Over the 25 years to May 2013, several major events significantly impacted the direction of Australian and global investment markets, including the so-called ‘GFC’ from 2007.

However, markets do tend to recover with time, as the graph shows.

It's important to remember that having an investment plan and sticking to your goal can help minimise the impact of market volatility and keep your investments on track.

Investment strategies

There are a number of simple investment strategies that you can use to help build your investment portfolio. Some strategies help you to increase your investment more quickly, while others may be more tax-effective or can reduce the impact of market fluctuations.


All investments contain an element of risk. These risk characteristics are not always the same for each investment, meaning that what may affect the value of one investment may not affect another.

By spreading your portfolio across different investments, or diversifying your investments, you can reduce the effect of one investment on the performance of your overall portfolio.

Diversification ensures that your investment dollar is spread across a range of investments in line with your investment objectives. And by balancing your portfolio across a range of investments, you give yourself the opportunity to maximise your returns whilst minimising your risk.

Staying invested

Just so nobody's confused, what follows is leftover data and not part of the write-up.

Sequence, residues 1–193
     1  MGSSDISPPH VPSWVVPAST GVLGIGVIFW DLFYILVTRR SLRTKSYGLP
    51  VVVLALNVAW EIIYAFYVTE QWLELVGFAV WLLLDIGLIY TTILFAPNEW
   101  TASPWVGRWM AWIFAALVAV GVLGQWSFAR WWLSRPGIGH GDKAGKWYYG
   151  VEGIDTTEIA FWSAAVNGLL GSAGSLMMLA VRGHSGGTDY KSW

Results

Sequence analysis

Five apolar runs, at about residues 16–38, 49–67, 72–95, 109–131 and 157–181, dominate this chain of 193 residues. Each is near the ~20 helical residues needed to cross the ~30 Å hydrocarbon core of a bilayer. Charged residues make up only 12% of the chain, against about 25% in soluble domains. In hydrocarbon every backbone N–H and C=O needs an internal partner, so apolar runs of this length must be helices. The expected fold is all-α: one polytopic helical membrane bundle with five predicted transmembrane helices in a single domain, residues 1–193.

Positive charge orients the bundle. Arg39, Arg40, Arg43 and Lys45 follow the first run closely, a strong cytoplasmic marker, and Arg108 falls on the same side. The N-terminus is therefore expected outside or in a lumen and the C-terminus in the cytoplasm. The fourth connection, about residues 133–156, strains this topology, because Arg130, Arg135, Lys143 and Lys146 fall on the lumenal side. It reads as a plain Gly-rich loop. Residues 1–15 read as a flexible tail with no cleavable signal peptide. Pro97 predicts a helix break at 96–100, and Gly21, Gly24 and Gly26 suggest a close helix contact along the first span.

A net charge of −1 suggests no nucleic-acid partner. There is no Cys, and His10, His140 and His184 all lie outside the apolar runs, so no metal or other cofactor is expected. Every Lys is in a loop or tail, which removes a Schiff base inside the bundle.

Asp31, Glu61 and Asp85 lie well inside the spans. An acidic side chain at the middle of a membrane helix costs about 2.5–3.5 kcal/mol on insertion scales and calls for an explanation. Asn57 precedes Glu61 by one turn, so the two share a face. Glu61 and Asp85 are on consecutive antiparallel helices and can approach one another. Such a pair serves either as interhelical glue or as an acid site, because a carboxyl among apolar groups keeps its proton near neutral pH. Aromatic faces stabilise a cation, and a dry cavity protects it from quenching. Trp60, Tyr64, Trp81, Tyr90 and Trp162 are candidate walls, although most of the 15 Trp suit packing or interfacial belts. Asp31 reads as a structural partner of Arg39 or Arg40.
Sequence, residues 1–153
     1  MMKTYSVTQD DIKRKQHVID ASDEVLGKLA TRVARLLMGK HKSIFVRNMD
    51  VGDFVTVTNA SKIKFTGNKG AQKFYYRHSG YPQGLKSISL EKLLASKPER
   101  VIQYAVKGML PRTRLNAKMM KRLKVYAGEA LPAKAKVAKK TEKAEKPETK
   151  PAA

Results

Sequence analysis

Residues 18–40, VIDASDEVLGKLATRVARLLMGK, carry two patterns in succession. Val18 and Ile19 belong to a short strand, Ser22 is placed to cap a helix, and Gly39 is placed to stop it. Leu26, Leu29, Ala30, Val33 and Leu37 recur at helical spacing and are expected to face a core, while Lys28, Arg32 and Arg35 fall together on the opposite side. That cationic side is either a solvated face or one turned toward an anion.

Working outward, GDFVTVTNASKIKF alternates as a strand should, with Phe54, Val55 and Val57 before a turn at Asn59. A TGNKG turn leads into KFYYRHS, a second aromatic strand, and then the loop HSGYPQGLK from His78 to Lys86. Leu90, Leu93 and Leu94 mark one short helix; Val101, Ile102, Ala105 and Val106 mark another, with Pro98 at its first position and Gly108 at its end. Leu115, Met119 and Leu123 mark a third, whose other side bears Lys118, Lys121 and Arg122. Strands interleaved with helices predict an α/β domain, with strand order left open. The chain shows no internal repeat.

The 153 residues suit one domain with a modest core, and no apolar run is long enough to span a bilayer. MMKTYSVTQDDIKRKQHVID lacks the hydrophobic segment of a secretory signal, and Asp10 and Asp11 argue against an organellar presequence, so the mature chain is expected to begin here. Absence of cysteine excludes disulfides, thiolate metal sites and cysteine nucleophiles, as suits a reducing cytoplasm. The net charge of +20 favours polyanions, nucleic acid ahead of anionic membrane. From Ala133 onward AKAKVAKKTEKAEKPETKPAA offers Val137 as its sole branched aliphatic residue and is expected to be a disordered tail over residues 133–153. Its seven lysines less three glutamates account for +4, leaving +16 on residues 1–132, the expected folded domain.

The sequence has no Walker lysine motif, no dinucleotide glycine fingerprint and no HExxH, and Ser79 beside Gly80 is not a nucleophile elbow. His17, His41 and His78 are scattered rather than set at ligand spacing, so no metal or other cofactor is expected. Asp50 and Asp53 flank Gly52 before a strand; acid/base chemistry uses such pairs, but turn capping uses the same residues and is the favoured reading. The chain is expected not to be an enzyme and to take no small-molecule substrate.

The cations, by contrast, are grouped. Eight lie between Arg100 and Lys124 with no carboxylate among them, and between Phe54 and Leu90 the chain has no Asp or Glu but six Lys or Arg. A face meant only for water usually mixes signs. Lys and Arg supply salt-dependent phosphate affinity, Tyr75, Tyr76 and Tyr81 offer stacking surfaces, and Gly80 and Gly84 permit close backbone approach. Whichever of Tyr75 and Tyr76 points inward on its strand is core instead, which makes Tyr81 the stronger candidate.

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'Time heals all wounds'. It's a common saying but one that's very powerful in an investment context.

Often it's the investments that have the greatest risk of losing value over the short-term that produce the best return over the long-term.

That's why many professional investors use the old adage: 'It's time in the market, not timing the market that matters'. By investing for the long-term, the effect of short-term losses is neutralised.

Timing the market means second-guessing; choosing the best time to buy and sell investments. This is extremely difficult. Many professional investors believe the risks of trying to second-guess market movements outweigh the benefits.

Consider the above chart. Over the period from January 2002 to March 2013 the ASX 300 Accumulation Index returned an average of 10.2% p.a. Deduct the 10 best days on the market from the 2,535 trading days in the period, and that return drops to just 1.2%. And as you can see, the return falls more and more rapidly as you take away more of the best trading days.

If you would like further guidance or advice on your superannuation, please make an appointment with a Suncorp Financial Adviser.

Chasing returns

One of the greatest temptations when deciding where to invest your money is to choose the investment that had the best return last year, whether it's shares, bonds or property. However, chasing returns is one of the most common mistakes made by investors.

As the table below shows, it's rare for the same asset class to have the best performance two years in succession. History has shown that if you invest in the asset class that performed the best last year, it's unlikely to have the best performance again this year.

If you would like further guidance or advice on your superannuation, please make an appointment with a Suncorp Financial Adviser.